Designing your hardscape requires the consideration of many different styles and materials. Two of the most prevalent materials are stamped concrete and pavers. When discussing these two options, I am often asked by homeowners what the primary differences are between stamped concrete and pavers. They are different in many ways, but I want to focus on 4 categories: texture, color, quality, and price.
After the concrete is poured, large rubber mats are laid down and tamped to stamp the pattern into the concrete. There are numerous stamp options to choose from; though each contractor typically has 3-4 favorite ones he will try to sell you. In my experience, many of these stamps create a surface that can be rather slippery when wet. Even some of the patters that look like they have enough texture to create more traction tend to be slippery under certain conditions.
Pavers also have many texture options. Some have a smooth top with rounded corners to give it a cobbled look. Others have a rough edge to create an antique appearance. In addition to these and many other textures, there are numerous sizes and patterns that can be created like running bond, basket weave, herringbone, or random patterns with anywhere from 3 to 9 different size pieces.
When installing stamped concrete, dye powder is applied to the surface while the concrete is still wet in order to color the material; this is done before it is stamped with the pattern. There are many different colors you can get, so there is no shortage of options. However, the dye is only on the surface meaning it has a tendency to fade and any chip or scratch reveals the standard gray color of concrete underneath the dye.
When making pavers, the color or dye is mixed into the concrete before it goes into the mold. This way, the color is not just on the surface and will not disappear or significantly fade during years of weather and wear. In the unlikely event that the paver is chipped, you will still see the same color.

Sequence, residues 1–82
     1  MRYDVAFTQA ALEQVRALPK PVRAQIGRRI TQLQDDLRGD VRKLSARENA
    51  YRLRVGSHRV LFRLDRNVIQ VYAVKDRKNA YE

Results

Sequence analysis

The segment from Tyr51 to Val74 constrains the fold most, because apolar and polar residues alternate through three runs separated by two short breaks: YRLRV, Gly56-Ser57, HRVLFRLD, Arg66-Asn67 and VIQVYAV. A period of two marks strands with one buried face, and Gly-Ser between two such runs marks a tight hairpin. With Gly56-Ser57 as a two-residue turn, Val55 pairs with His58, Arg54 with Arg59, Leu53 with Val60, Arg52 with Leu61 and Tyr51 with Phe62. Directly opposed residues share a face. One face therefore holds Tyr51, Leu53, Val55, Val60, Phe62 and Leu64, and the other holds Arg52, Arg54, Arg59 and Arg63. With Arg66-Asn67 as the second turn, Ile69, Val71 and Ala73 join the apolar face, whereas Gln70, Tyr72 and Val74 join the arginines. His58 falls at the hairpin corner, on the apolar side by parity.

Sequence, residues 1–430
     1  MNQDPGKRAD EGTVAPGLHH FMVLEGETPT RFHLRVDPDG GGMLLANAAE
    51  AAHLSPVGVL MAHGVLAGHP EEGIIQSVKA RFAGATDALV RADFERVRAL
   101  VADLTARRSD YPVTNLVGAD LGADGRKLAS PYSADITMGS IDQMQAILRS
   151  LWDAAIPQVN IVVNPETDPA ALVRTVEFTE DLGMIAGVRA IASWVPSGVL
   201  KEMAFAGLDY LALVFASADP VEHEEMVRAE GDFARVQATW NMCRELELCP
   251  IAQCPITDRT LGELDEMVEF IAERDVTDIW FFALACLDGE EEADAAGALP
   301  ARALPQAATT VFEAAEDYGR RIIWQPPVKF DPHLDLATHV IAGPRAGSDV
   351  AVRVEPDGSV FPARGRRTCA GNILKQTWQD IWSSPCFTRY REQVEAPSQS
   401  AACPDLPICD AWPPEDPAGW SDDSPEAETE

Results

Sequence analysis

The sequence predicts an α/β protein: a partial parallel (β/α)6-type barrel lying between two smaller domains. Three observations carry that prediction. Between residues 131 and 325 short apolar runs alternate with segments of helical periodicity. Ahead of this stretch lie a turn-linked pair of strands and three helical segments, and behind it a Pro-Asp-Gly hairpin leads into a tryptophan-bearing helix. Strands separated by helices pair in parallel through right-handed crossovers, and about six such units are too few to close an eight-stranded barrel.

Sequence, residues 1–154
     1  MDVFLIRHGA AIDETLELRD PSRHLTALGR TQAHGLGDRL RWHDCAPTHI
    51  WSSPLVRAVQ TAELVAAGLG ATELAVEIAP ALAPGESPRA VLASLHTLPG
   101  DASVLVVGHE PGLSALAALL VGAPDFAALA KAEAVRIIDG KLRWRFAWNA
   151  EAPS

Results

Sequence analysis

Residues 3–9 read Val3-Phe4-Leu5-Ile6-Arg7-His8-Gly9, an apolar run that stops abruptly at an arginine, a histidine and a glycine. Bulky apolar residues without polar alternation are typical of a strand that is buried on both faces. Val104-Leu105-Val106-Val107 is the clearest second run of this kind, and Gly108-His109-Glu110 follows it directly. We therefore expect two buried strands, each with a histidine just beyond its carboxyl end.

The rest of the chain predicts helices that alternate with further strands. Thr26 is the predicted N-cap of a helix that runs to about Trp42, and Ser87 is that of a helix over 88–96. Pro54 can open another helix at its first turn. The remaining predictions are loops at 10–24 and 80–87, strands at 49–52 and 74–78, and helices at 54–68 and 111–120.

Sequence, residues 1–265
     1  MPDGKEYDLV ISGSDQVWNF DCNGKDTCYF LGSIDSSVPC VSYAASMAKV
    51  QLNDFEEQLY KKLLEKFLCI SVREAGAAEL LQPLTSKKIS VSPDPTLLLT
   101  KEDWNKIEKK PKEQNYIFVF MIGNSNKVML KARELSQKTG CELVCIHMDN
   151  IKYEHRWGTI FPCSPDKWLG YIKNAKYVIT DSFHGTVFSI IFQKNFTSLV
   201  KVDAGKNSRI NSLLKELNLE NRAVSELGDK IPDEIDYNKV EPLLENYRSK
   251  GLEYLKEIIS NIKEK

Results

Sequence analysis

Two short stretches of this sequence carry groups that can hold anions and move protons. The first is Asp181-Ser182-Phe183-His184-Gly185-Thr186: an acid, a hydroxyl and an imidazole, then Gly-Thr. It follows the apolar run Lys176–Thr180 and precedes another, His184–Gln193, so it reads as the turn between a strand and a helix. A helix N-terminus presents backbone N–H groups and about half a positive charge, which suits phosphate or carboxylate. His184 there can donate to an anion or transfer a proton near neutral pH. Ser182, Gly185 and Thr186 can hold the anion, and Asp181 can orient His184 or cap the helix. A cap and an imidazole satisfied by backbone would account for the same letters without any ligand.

You might be wondering if it is all concrete, what difference does it make? To answer this, I need to explain a little about how concrete is made. When the concrete is mixed at a plant, the thick gray soup is poured in a drum on a back of a truck, delivered to the job, poured, and smoothed out. This is called poured concrete, and it creates a large slab that is typically 2-4 inches thick.
Over at the concrete paver manufacturing plant, the concrete is mixed and packed into the paver molds. Notice that I said “packed” instead of “poured” into the molds. After that, each tray of pavers is put into a large oven called a kiln. If you imagine placing a tray of cookies in the oven at home, you’ll have a pretty good idea how this process works. After the pavers are finished being made, they are stacked on pallets to be shipped to the job site.
Here are the two primary distinctions I want to make in regard to quality. First, the largest paver we install is about 2 square feet while a concrete slab can be any size. In order to demonstrate my point, let me ask; Have you ever tried to break a stick in half? If you take two sticks that are the same thickness but one of them is longer, the longer one is much easier to break than the shorter one. This is also the case with concrete. When you have one large slab, it will crack. It’s not a matter of if, it is a matter of when.
Secondly, the strength of concrete is measured in pounds per square inch (PSI). The average slab of poured concrete is strong enough to withstand 3,500 PSI once it has been cured. Because of the packing and baking process that concrete pavers go through, they are normally able to handle at least 9,000 PSI of force. That means that these pavers are extremely hard to break or crack in comparison to poured concrete.
At this point, you probably agree with me that concrete pavers are the best option to create your patio or walkway. So why do many people still use stamped concrete? Simply put, stamped concrete is cheaper. Depending on the contractors who are giving you estimates, the price they give you for stamped concrete could be 50-70% the cost of pavers. On a large patio, this price difference could be thousands of dollars.
At the end of the day, it comes down to the experience and quality of work performed by the contractor. You can have an excellent product, but it could be ruined if not installed correctly; this is the same case with pavers. If not installed correctly, they could settle forming pot holes in your patio or grass and weeds might start growing between the pavers if the proper joint filler is not used. Regardless of what product you use, make sure you find a reputable contractor who is going to give you that perfect patio for your back yard.